Property and Law: The Best Hope for China

(Editor’s Note: The Mackinac Center is pleased to publish this commentary, written for us exclusively by the renowned Chinese intellectual Junning Liu. On March 16, 2007, the Chinese legislature voted to protect private property in what observers worldwide regarded as an important milestone on the country’s path away from socialism.)

The great French classical liberal Frederic Bastiat once said: "Life, liberty and property do not exist because men have made laws. On the contrary, it was the fact that life, liberty and property existed beforehand that caused men to make laws in the first place."

Stay Engaged

Receive our weekly emails!

That is absolutely the case here in China.

For decades, the ruling Chinese Communist Party refused to make laws to protect private property. But recently, China’s legislature, the National People’s Congress, passed a milestone property law by a wide margin. This law, which has been kicking around for 14 years, is supposed to offer the same protections for private and public property for the first time since the Communist Party came to power in 1949.

Most of the Chinese legislators are Communist Party members. According to Marxist orthodoxy, all of them have been required to accept the abolition of private property as their ultimate mission. And all members must swear that they would do everything for the party, including giving up their life, if necessary. But now, they have put their oath aside and lowered their heads in tribute to the wisdom of private property. It is so unusual to have a property law passed by the world’s most powerful Communist party. What an irony!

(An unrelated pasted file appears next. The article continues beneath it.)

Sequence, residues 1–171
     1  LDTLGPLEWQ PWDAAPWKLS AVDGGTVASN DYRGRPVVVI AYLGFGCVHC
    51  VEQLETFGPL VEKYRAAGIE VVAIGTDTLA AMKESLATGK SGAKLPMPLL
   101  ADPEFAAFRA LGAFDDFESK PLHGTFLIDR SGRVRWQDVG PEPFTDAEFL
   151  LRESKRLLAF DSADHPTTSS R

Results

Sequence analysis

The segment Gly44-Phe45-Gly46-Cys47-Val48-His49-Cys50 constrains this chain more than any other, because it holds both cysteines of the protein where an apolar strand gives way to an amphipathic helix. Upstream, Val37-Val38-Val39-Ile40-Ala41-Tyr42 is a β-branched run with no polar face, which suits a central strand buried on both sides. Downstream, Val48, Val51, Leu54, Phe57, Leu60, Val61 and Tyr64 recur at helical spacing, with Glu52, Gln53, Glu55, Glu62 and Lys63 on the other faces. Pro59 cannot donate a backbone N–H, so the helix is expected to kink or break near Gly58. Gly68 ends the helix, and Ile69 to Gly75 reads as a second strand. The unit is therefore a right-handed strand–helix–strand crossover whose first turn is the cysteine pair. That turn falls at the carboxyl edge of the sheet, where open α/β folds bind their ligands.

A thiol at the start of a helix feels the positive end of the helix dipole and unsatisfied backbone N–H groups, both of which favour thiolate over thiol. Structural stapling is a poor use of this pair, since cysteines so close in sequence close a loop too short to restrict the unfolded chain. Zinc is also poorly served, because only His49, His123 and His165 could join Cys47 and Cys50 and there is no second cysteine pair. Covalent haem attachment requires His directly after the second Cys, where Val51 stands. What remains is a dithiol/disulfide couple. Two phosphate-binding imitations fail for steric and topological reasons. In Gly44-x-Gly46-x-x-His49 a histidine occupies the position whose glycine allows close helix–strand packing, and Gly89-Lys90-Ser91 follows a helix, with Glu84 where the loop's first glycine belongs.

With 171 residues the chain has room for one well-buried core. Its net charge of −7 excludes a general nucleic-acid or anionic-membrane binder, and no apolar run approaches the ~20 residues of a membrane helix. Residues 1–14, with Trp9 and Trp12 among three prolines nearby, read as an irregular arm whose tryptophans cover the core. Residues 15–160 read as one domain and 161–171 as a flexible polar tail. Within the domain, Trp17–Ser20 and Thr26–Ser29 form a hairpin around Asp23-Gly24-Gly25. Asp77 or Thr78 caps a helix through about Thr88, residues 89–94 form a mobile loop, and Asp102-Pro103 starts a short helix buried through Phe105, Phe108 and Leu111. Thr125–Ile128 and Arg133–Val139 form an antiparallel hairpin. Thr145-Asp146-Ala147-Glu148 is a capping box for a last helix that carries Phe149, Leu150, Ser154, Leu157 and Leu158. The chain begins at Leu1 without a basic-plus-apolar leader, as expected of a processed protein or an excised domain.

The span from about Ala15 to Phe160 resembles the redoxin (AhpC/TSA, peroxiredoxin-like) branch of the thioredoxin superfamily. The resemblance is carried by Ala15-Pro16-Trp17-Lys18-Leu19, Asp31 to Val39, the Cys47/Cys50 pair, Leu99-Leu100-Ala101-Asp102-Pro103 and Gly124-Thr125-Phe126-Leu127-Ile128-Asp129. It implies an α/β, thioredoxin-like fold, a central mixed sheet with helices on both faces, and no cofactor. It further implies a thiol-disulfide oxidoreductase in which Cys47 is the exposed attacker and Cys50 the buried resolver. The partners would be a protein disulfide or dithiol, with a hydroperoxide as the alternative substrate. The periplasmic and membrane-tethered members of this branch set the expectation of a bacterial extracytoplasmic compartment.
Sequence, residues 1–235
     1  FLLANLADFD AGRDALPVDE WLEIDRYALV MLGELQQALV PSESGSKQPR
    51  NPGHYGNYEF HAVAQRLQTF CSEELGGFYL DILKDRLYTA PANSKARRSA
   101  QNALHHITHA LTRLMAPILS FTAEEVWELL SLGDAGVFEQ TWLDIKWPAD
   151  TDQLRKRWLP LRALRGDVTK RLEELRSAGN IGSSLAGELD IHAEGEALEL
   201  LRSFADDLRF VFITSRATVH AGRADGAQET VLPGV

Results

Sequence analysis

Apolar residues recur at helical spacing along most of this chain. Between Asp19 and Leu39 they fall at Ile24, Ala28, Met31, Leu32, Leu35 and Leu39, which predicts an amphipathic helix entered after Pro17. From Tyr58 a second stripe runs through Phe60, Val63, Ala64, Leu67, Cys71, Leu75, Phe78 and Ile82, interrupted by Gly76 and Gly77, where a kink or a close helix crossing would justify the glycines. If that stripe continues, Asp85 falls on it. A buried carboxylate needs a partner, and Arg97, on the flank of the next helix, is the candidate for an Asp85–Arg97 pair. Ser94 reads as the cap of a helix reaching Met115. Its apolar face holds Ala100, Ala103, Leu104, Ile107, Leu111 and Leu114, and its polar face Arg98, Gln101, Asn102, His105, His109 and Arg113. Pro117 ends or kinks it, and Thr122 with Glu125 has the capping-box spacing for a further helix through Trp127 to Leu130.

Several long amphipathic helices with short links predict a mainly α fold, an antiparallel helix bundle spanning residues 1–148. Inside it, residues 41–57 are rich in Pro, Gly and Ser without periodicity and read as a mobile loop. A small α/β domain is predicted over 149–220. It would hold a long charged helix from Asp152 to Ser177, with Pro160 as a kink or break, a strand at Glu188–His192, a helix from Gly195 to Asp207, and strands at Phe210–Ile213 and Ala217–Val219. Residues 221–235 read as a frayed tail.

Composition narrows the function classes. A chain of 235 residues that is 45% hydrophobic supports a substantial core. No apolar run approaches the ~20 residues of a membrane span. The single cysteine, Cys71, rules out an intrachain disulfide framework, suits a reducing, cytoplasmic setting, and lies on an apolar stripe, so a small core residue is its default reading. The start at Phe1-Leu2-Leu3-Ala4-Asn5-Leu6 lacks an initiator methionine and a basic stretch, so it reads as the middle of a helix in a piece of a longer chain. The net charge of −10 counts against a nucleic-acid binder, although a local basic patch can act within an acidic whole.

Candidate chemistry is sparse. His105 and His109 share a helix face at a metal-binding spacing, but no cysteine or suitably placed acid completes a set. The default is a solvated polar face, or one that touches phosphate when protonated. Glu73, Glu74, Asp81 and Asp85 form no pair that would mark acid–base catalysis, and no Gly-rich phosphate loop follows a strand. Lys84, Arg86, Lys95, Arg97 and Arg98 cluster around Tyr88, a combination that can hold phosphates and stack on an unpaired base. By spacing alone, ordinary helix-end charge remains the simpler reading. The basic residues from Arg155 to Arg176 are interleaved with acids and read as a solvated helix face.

It seems to me, the property law indicates the noble but late-coming triumph of private property in China. In fact, it silently declared the fiasco of Communism. Those Communists came to realize in the end that, no matter how hard they try, they cannot at all change the simple fact of human nature: People like to own stuff. Socialized economies are doomed to fail because, as my friend Lawrence Reed from the Mackinac Center told a large audience at People’s University in Beijing in 2004 in his famous "Seven Principles of Sound Public Policy" speech, "What belongs to you, you tend to take care of; what belongs to no one or everyone tends to fall into disrepair." In fact, those Communists themselves are also very much property-driven. Otherwise, why do they take away people’s private property in the name of nationalization? They recognize nothing private, but they prey upon everything private!

Why is private property so fundamental in human life and for the Chinese people? The answer is: Private property is the foundation of civilization; the central institution of a free society, and it has contributed more to the growth of civilization than any other institution established by the human race. Liberty requires property. True liberty cannot exist apart from the full rights of property. No human rights without rights to property! The right of property is the most important individual right, together with other personal liberties. The bulwark of freedom is the institution of private property. As F. A. Hayek said, the system of private property is the most important guarantee of freedom, not only for those who own property, but scarcely less for those who do not.

China’s history shows that tyranny prevails where property is systematically denied, and where there is no rule of law and justice to protect it. No property, no justice. John Locke was right: Government has no other end than the preservation of property and protection of citizens in the enjoyment of life, liberty and property. Private property requires the establishment of the rule of law. Therefore, the real challenge for China’s leadership will be to institute a rule of law that protects property and freedom against the state. What the people want should rule rather than what the Party wants.

Eventually, it seems to me, China must change its regime from one that enshrines the Chinese Communist Party to one that safeguards property and freedom. I strongly believe China’s future depends on well-protected private-property rights and the rule of law. That is the best hope for Chinese people.


Junning Liu is founder of the Cathay Institute for Public Affairs. He earned his Ph.D. in political science at Beijing University and is the author and editor of several works, including "Republic, Democracy, and Constitutionalism: Studies of Liberal Thought," and "Peking University and the Liberal Tradition in Modern China." He lives now in Beijing.